By Oliver Bennett
A tour around the Charterhouse is not a raucous affair. As a building where retired monastic ‘brothers’ live in serenity, questions are kept to the end and guests are invited not to take photos of the residents. “You have to remember that it is a living institution,” says Charterhouse tour guide, Jiff. In a way this adds to the special atmosphere at Charterhouse, which in 2017 opened to the public for the first time, with a new museum and access to the splendid series of old quadrangles and historic rooms of the old monastery and Tudor mansion. Over 40 brothers live here now – and for a few years they have included women – and their peace in later life should not be disrupted.
Opening up the Charterhouse was a sound commercial idea as its tours are very popular. Some of the visitors are keen historians, others are lured by the fact it starred in the Downton Abbey TV series – now a blockbuster film – and as a location for other films and programmes including Taboo with Tom Hardy, The Guernsey Potato Peel Pie and Literary Society, the series Pennyworth and the forthcoming film Misbehaviour.
The advent of Crossrail, which is to have an entrance at the eastern end of Smithfield Market, is likely to increase the traffic further. Thereby hangs a tale, as many skeletons were found during Crossrail’s excavations – including one that can be seen here, killed by the Black Death. Like everything at the Charterhouse, it’s part of a three-dimensional history lesson. It became a Carthusian monastery after the Black Death, then became a perk bequeathed by Henry VIII to his nobles after the brutal Dissolution of the Monasteries. Later, in 1611, Thomas Sutton established it as an almshouse and school to house 80 brothers and 40 students – their early graffiti can still be seen. Marks of its importance are everywhere in EC1 from the nearby Sutton Arms to White Conduit Street near Angel, named after the white-robed monks. Charterhouse School survived here until 1872. It’s now in Surrey.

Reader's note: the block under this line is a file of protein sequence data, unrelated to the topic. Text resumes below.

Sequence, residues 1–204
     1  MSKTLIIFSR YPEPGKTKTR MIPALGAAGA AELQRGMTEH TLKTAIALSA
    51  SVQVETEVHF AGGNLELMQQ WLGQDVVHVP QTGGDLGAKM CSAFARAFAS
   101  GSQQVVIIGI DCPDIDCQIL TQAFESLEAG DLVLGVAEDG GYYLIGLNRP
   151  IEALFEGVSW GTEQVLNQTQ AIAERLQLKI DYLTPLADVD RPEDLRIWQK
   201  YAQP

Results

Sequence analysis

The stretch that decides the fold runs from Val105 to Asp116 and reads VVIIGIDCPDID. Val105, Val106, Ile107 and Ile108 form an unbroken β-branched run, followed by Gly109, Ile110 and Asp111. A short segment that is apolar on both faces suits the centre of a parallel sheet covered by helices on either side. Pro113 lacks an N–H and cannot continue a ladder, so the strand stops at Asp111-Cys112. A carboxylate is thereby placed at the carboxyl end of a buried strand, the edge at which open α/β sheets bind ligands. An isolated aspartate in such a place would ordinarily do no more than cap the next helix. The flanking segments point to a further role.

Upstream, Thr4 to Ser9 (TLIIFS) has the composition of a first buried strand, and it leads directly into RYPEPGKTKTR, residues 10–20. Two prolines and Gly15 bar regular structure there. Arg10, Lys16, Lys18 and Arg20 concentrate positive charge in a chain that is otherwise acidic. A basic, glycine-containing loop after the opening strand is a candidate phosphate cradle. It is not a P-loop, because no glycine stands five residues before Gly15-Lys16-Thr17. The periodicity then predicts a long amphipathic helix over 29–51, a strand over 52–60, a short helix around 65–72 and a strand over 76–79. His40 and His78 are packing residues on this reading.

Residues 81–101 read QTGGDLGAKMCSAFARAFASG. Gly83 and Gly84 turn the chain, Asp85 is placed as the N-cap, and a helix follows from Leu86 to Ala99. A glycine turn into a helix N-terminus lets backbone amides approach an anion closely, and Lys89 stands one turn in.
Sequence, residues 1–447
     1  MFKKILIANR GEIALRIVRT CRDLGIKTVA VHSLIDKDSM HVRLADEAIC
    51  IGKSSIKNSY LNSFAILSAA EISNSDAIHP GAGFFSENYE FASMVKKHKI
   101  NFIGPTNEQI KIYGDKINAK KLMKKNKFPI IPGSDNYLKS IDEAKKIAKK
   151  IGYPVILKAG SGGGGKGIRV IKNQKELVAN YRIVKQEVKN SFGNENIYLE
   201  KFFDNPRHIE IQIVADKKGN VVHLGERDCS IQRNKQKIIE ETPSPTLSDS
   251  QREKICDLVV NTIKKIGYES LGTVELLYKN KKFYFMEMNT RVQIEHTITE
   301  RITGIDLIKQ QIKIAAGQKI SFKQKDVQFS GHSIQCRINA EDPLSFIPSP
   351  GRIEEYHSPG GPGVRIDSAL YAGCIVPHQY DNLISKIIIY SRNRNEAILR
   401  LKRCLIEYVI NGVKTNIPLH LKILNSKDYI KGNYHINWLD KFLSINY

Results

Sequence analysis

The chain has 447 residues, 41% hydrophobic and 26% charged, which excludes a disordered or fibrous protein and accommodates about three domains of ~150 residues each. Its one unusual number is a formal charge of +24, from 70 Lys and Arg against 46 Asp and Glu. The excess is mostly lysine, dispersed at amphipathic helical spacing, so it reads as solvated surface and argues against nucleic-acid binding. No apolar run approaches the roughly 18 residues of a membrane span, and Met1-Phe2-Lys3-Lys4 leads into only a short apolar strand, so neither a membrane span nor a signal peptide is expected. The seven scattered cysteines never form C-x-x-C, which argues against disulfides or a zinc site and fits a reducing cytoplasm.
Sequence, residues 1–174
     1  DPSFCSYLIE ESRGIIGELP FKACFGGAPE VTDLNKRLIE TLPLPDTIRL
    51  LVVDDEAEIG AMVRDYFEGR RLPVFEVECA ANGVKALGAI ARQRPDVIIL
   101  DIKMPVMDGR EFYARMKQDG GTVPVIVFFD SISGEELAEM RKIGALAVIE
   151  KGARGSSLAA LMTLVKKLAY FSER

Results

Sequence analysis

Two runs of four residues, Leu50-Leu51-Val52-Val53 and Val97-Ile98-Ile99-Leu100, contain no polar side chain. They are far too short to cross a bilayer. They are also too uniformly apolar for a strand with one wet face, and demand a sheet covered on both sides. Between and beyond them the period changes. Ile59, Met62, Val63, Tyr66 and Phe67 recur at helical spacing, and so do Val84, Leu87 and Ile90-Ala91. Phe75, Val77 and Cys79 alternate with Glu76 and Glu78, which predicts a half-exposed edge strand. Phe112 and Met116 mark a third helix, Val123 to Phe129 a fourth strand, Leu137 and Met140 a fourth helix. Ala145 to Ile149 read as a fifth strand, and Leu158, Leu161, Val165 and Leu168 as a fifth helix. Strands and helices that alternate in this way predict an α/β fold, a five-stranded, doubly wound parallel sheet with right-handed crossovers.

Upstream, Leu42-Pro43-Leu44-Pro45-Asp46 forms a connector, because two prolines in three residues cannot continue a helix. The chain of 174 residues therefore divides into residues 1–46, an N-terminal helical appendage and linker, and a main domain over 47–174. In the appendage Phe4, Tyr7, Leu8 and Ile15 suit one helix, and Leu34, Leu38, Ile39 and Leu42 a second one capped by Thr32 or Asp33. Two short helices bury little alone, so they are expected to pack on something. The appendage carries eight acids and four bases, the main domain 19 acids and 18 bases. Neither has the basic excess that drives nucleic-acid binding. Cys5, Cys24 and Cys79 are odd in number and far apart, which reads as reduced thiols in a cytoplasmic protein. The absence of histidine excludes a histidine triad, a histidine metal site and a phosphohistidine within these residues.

While there is no evidence of them making Chartreuse, the sickly green liquor for which the Carthusians were famous, the Charterhouse has other important things to be proud of – it claims to be where the ‘throw in’ and the offside rule was invented – a result of the hazards of playing footie in a cloister. “In 1881 the Old Carthusians were the first club to win the FA cup,” said Jiff. “And they’re responsible for one of the more controversial rules of the game”.
As part of its opening up, the Charterhouse has a Community and Partnerships Programme, extending the philanthropic work of Thomas Sutton, whose motto ‘Deo Dante Dedi’ means ‘God having given, I gave’. With local schools and community action, the institution is keen to reach out and share its history, its glorious spaces, and especially its tranquillity with audiences across the borough.
The Charterhouse Christmas Fair is 11am–8pm on Tuesday 12 November, and is going to be formally opened by the Mayor of Islington
Guided tours £15 per person,
Brothers’ Tours £20 per person